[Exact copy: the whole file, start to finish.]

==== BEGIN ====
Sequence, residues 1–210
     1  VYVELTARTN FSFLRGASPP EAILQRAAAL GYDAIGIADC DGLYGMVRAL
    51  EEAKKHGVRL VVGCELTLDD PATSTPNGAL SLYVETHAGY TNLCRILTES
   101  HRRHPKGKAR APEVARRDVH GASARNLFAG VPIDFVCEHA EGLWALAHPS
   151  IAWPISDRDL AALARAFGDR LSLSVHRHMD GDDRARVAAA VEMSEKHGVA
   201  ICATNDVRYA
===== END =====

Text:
Sequence, residues 1–210
     1  VYVELTARTN FSFLRGASPP EAILQRAAAL GYDAIGIADC DGLYGMVRAL
    51  EEAKKHGVRL VVGCELTLDD PATSTPNGAL SLYVETHAGY TNLCRILTES
   101  HRRHPKGKAR APEVARRDVH GASARNLFAG VPIDFVCEHA EGLWALAHPS
   151  IAWPISDRDL AALARAFGDR LSLSVHRHMD GDDRARVAAA VEMSEKHGVA
   201  ICATNDVRYA